AUSTRALIA is in the middle of a pension crisis, with the average Australian taxpayer facing a $10,000 pension deficit as a result of the state’s budget deficit, the Australian Securities and Investments Commission (ASIC) has revealed.
“We are in a period of extreme and unprecedented levels of debt that are unprecedented for this country,” ASIC chief executive Paul Williams said.
“It is not normal.”
The ACCC’s analysis of state and territory pension funds also revealed the State Government’s share of the pension funds’ liabilities is currently set to exceed the $30 billion set aside by the Commonwealth for its pension scheme.
The ACCC said the situation was a reflection of the way the Australian Government’s pension funds operate.
“They operate on a very high risk and it’s the same with the pension plans of the states,” ASIC’s acting chief executive David Mowat said.
“[This] means that the liabilities are very high relative to the pension plan assets.”
The ACCc’s figures are the latest ASIC has released on state and local government pension fund debt and a snapshot of the current state of the fund’s finances shows it will be the most vulnerable state to the next downturn.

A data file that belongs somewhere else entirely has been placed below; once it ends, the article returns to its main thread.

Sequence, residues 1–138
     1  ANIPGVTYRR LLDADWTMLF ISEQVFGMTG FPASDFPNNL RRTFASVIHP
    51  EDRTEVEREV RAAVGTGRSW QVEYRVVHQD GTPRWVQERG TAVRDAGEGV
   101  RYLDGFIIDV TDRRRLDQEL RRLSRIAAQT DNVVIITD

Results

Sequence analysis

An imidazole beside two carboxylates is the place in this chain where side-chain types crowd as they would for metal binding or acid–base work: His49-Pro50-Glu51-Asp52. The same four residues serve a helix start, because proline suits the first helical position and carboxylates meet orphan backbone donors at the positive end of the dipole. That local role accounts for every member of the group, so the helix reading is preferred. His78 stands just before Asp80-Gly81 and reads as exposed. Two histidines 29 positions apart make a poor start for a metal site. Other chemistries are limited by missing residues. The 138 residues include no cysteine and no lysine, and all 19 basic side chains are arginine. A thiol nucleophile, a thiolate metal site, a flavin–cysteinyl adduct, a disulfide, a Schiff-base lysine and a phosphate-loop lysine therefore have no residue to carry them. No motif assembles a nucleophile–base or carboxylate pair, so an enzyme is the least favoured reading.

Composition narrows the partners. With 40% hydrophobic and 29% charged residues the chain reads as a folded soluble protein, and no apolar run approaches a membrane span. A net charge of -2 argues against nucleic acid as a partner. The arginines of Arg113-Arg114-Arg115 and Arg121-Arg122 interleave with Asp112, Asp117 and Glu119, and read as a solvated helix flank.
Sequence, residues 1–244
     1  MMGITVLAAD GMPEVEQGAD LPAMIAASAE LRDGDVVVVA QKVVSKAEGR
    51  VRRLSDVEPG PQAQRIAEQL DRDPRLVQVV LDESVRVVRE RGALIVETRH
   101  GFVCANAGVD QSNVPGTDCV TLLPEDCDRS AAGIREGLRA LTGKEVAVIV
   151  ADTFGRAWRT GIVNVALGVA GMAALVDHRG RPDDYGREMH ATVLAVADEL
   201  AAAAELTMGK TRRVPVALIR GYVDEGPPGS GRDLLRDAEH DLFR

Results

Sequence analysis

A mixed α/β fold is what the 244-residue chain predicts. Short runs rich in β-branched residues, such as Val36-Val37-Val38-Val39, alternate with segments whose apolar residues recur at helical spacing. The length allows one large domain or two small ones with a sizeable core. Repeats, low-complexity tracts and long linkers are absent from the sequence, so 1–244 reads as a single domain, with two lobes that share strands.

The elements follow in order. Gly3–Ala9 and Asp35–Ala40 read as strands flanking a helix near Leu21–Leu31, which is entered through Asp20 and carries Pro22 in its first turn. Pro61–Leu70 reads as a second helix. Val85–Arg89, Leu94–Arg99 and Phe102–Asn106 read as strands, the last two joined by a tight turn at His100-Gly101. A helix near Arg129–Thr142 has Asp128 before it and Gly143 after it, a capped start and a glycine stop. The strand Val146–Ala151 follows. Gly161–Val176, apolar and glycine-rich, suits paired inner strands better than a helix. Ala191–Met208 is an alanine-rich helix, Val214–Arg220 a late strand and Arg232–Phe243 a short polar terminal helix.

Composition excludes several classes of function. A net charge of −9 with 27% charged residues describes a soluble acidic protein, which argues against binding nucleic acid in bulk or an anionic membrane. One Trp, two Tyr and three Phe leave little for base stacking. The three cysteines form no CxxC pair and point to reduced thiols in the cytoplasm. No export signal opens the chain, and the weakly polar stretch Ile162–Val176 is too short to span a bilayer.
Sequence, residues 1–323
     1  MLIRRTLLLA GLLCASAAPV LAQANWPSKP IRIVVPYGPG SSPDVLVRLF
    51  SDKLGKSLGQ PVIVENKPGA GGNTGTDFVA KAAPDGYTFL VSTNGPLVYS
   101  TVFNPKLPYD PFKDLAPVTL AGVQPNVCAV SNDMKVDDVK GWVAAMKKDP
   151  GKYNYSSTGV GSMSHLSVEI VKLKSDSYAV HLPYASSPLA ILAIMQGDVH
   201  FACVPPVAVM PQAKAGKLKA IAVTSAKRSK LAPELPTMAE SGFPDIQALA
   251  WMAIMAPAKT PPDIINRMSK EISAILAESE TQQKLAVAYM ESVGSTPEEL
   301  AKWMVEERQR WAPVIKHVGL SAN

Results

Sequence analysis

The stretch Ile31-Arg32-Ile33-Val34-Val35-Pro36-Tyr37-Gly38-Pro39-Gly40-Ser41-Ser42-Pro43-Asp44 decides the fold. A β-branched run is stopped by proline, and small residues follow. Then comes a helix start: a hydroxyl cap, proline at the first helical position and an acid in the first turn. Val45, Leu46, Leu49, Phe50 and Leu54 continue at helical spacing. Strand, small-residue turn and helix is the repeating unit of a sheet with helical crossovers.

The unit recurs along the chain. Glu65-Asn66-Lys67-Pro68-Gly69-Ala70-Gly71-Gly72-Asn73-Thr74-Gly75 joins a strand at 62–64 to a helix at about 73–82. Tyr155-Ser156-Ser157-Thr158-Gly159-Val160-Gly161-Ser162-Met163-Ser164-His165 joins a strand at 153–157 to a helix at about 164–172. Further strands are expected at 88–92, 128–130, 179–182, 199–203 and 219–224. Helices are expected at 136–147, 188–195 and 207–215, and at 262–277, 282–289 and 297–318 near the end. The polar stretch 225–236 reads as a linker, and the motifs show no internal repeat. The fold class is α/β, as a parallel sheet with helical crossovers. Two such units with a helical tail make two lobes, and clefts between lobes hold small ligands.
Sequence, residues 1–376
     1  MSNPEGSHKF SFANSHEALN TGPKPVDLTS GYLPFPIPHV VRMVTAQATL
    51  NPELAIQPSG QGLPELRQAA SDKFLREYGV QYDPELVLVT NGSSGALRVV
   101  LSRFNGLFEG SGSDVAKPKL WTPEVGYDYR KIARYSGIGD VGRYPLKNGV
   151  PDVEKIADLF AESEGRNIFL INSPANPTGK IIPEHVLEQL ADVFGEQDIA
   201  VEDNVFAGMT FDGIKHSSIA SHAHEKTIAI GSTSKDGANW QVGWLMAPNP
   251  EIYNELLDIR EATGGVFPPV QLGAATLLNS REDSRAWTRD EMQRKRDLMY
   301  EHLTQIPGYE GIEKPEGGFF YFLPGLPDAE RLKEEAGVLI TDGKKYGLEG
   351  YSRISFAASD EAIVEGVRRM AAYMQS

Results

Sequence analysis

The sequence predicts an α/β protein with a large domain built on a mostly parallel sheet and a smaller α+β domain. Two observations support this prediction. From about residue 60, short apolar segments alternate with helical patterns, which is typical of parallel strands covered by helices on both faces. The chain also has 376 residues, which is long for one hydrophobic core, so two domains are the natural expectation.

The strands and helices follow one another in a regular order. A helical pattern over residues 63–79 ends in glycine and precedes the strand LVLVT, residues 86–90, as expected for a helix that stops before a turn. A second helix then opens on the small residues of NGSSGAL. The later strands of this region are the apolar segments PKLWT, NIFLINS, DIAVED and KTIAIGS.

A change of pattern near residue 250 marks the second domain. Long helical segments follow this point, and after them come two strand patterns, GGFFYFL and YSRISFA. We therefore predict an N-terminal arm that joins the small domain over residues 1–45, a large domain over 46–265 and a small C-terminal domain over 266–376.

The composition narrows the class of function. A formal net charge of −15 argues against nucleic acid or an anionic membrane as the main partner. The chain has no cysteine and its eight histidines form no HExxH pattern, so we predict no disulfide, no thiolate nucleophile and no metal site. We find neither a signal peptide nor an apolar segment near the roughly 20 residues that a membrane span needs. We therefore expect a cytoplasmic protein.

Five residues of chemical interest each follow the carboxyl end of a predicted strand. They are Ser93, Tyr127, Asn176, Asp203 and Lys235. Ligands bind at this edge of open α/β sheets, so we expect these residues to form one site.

“These figures are extremely alarming and they indicate that the pension system as a whole is on a trajectory towards a financial meltdown,” Mr Williams said, warning that the situation in Australia’s pension systems was “unique”.
“It’s a unique situation because there is a lot of money on the table, the liabilities on the books are huge and it is the Government’s responsibility to manage the money,” Mr Mowats said.
Mr Williams admitted the ACCc did not have an accurate assessment of the State’s pension assets.
“The pension system is a very complex system, and we don’t have a clear understanding of how much of that is being invested in a particular fund,” he said.
ASIC has warned that if the fund does not provide adequate funding to meet its debts, the Commonwealth would be unable to pay its bills, with debt servicing on the State Pension being the most likely culprit.
“That means that it’s very likely that the Commonwealth will be unable and unwilling to pay the bills that are owed to the State and local governments,” Mr Paine said.